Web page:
Date: Thu, 08 Mar 2012 08:20:42 -0500 From: Bill Horne <bill@horneQRM.net> To: email@example.com. Subject: Sprint can't sit with the cook kids Message-ID: <firstname.lastname@example.org> Poor Sprint gets nothing as Verizon, AT&T nab 4G iPads by Roger Cheng March 7, 2012 2:44 PM PST Sprint, despite carrying the iPhone, didn't get an iPad of its own, unlike AT&T and Verizon Wireless. Apparently, Sprint Nextel's seat at the cool kids' table got revoked by Apple. As AT&T and Verizon Wireless got their hands on a shiny new 4G-enabled iPad, Sprint got stuck with zilch. "Sprint is not carrying the iPad at this time," said a Sprint spokesman. He declined to comment on whether the company would eventually get to sell the device. It's a bitter pill to swallow considering Sprint has committed to $20 billion over the next few years to carry the iPhone. While AT&T and Verizon Wireless get to bask in the afterglow of the new iPad announcement, Sprint has to sit quietly with its iPhones as its sole source of comfort. http://news.cnet.com/8301-17938_105-57392790-1/poor-sprint-gets-nothing-as-verizon-at-t-nab-4g-ipads/ -or- http://goo.gl/5kaSc -- Bill Horne (Remove QRM from my address to write to me directly)
Date: 8 Mar 2012 10:07:02 -0500 From: email@example.com (Scott Dorsey) To: firstname.lastname@example.org. Subject: Re: Is the Philadelphia Cell Phone Jammer a Hero or Pest? Message-ID: <email@example.com> T <firstname.lastname@example.org> wrote: >In article <email@example.com>, >PeteCress@invalid.telecom-digest.org says... >> >> Per David Clayton: >> > >> >https://mashable.com/2012/03/05/philadelphia-cell-phone-jammer/ >> > >> >> Sounds like an idea for restaurants. Maybe a "Cell-Phone-Free" >> area and a regular area. > >I have to wonder, does the Communications Act only cover active devices, >e.g. something that broadcasts a signal? What is to prevent a business >from putting a grounded copper mesh throughout a room. That would blot >out signal too. Yes, and that is legal and reasonable, and folks do it. It's harder to do with cellphones since the wavelength is so short, but it's done. >From my perspective, I don't care if cellphones get jammed. I boggle that people trust them for emergency communications in the first place. However, the cellphone jammers cause a lot of collateral damage. I have seen several instances where they have caused interference to 950 Mhz broadcast auxiliary services. The cheap jammers sold on ebay and dealextreme are just broadband noise sources that cover the cellular bands and sadly they cover a whole lot of other stuff as well. The smart way to jam cellphones is to pretend to be a cell tower. You advertise a connection, then you refuse to complete a call. This can be done with very low power levels (probably levels legal under Part 15 even) and very effectively. Unfortunately nobody makes a cheap device to do this, although it's only a matter of time. --scott -- "C'est un Nagra. C'est suisse, et tres, tres precis."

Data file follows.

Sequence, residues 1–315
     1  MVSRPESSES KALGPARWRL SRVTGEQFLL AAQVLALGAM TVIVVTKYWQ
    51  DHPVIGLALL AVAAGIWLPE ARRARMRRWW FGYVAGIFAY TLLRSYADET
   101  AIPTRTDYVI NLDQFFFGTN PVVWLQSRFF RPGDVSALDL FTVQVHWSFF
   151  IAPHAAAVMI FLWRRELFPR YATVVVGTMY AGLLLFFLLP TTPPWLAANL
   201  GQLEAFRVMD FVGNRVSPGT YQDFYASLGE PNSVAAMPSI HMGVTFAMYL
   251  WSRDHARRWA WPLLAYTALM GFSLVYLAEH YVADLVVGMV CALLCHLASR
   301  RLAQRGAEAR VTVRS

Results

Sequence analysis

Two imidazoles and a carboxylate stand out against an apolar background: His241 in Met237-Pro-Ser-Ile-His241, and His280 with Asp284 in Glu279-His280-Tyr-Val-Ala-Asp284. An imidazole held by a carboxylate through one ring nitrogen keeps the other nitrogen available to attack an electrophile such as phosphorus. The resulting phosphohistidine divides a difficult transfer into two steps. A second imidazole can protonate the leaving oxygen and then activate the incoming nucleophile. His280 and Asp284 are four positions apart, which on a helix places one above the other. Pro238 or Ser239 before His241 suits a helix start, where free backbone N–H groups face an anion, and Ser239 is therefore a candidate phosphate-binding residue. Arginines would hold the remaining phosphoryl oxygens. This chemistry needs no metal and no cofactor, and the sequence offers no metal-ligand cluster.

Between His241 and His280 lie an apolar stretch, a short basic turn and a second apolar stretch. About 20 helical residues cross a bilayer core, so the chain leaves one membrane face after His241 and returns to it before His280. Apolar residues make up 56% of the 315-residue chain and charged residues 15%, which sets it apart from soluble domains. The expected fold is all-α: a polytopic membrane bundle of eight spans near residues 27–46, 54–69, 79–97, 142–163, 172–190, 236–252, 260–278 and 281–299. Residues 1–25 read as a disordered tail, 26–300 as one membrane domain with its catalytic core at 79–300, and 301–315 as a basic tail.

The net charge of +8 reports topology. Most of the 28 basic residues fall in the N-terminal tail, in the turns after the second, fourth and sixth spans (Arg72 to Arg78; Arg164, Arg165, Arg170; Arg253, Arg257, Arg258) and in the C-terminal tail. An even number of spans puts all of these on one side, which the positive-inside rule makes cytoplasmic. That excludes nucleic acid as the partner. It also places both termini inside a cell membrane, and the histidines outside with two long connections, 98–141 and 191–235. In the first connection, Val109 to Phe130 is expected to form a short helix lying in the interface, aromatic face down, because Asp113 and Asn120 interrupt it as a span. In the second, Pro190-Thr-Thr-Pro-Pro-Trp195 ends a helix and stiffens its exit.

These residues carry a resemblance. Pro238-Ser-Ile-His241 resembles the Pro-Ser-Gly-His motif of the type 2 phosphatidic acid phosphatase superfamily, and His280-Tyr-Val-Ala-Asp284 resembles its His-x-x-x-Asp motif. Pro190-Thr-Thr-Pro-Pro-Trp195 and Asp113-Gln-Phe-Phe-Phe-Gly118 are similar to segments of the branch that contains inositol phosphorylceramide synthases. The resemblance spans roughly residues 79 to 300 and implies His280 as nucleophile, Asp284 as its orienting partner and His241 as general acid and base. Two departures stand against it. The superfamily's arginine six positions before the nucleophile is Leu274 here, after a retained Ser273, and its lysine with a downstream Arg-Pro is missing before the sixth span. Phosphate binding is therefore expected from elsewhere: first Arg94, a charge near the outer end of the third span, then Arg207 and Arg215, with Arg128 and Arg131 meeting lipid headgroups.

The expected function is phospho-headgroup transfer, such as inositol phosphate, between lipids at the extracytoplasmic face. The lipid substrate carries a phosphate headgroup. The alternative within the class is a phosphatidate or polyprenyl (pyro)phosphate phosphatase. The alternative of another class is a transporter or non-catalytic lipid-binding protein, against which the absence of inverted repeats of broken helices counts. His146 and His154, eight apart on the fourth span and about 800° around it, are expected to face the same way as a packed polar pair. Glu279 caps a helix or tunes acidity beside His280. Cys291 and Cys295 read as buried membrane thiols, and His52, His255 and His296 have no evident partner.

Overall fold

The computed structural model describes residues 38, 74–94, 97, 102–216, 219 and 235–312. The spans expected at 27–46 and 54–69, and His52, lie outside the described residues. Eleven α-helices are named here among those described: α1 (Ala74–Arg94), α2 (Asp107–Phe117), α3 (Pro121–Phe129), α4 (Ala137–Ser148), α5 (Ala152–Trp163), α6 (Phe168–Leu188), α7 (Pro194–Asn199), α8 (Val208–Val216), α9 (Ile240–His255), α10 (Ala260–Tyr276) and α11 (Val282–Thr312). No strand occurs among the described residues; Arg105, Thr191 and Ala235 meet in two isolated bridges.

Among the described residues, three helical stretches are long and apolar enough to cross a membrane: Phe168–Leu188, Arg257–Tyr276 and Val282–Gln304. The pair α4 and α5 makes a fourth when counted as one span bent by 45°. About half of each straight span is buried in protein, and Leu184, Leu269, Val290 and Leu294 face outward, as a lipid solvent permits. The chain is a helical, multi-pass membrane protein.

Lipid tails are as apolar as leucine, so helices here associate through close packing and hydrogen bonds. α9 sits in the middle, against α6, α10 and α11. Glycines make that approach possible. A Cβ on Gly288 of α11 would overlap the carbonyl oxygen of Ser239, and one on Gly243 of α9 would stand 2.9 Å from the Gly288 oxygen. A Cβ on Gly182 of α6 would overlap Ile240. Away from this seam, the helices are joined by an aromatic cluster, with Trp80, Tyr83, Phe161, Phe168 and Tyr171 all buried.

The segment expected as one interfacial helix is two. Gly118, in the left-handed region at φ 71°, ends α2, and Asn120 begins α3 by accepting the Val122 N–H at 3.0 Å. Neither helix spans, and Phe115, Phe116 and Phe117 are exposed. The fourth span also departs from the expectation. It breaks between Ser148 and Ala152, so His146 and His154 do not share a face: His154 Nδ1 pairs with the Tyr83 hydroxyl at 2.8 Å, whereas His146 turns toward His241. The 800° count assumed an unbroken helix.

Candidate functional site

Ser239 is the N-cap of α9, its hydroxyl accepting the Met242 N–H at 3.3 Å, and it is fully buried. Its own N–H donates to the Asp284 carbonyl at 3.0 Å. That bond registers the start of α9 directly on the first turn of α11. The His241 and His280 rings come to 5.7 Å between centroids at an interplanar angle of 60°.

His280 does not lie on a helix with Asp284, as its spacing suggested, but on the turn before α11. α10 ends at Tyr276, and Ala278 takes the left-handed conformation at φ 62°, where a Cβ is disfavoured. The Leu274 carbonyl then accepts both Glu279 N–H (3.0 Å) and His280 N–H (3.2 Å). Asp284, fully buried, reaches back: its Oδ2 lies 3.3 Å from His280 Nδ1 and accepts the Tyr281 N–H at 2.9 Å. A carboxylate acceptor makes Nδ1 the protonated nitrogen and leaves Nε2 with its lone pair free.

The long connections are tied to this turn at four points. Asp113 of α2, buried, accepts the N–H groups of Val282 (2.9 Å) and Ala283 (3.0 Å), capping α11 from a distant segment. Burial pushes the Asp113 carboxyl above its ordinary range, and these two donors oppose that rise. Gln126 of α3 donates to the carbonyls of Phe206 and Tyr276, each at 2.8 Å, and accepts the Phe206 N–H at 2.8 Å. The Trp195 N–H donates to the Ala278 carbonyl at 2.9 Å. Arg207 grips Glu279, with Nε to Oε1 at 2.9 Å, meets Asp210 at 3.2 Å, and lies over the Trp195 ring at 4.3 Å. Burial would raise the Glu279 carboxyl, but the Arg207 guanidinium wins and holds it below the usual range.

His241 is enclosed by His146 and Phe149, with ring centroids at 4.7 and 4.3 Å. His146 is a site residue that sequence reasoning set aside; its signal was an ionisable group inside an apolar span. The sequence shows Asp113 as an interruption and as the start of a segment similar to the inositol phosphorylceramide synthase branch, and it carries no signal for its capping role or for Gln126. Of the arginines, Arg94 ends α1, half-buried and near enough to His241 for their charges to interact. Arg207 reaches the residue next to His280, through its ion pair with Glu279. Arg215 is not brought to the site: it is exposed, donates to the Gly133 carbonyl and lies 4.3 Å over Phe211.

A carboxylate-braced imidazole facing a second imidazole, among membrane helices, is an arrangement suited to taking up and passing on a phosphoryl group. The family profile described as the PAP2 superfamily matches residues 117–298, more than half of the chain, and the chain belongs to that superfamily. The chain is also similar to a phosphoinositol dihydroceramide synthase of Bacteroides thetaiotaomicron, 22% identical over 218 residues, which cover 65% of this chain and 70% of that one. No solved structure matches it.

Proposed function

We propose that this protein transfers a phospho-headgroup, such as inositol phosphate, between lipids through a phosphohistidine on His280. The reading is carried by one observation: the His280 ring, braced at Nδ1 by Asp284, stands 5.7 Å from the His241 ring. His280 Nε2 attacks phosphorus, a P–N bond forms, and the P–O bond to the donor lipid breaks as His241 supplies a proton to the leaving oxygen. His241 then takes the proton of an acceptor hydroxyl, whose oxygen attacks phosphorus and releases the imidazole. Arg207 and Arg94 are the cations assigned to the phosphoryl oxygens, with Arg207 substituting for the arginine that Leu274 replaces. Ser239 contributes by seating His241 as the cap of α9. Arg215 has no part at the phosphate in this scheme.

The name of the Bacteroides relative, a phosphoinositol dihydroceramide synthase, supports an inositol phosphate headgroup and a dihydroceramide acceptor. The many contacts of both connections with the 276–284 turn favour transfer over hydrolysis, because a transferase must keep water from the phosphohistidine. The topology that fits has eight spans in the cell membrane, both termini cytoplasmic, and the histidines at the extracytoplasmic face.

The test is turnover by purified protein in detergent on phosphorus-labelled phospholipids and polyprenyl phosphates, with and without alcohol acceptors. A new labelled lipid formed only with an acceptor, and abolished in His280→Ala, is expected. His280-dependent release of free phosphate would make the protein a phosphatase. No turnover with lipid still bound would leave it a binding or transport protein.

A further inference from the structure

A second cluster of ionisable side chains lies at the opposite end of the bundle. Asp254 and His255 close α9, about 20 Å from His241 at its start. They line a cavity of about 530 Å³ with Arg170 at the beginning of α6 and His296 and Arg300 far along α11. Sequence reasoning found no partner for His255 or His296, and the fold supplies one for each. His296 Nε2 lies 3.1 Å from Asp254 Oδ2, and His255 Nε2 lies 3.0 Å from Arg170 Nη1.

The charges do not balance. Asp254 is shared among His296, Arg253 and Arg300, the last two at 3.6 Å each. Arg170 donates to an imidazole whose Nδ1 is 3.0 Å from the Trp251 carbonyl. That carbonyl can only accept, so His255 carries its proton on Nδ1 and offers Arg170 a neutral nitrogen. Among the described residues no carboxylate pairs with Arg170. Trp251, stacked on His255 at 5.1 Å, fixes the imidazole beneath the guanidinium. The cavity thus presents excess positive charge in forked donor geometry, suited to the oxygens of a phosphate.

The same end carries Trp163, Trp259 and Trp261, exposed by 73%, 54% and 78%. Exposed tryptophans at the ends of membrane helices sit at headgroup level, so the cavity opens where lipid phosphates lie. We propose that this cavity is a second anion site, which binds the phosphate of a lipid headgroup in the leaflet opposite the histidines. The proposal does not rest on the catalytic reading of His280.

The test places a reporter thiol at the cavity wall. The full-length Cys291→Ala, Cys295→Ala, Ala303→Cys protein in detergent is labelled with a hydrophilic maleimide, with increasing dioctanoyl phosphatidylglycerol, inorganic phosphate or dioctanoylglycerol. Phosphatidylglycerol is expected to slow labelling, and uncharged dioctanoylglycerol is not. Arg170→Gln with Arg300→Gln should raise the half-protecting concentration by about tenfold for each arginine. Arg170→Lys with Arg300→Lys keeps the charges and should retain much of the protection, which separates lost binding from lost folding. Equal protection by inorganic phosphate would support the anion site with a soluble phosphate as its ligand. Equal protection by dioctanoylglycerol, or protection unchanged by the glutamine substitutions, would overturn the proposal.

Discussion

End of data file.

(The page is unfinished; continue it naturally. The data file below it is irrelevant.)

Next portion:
Date: Thu, 08 Mar 2012 08:15:38 -0600 From: firstname.lastname@example.org (Robert Bonomi) To: email@example.com. Subject: Re: Is the Philadelphia Cell Phone Jammer a Hero or Pest? Message-ID: <07mdnV_PRJaXIsXSnZ2dnUVZ_sadnZ2d@posted.nuvoxcommunications> In article <MPG.firstname.lastname@example.org>, T <email@example.com> wrote: >In article <firstname.lastname@example.org>, >PeteCress@invalid.telecom-digest.org says... >> >> Per David Clayton: >> > >> >https://mashable.com/2012/03/05/philadelphia-cell-phone-jammer/ >> > >> >> Sounds like an idea for restaurants. Maybe a "Cell-Phone-Free" >> area and a regular area. > >I have to wonder, does the Communications Act only cover active devices, >e.g. something that broadcasts a signal? What is to prevent a business >from putting a grounded copper mesh throughout a room. That would blot >out signal too. >***** Moderator's Note ***** > >The FCC regulates "Incidental" radiators, such as the local >oscillators in receivers, computer timing chips, etc., as well as >licensed services. > >IANALB, AFAIK, it's legal - although prohibitively expensive - to cut >off cell signals in a private building. Passive shielding, which forms >a Faraday cage, would be effective. It's also possible to use >electrostatic shielding, but that costs a lot too. It's not necessarily -that- expensive. Circa 40 years ago, a bunch of volunteers (me included) did the Faraday cage thing to a church sanctuary. 'Wallpapered' it with Reynold's wrap, followed by a skim-coat of plaster, and repainted. Fine-mesh wire screens over the windows completed the cage. The doors were metal-core fire-rated, so all they needed was 'straps' across a hinge, to connect to the foil shell. It wasn't a "perfect" cage, but it worked "well enough" to keep 'interference' (over-modulated, over-powered, CBs, mostly) out of the audio system.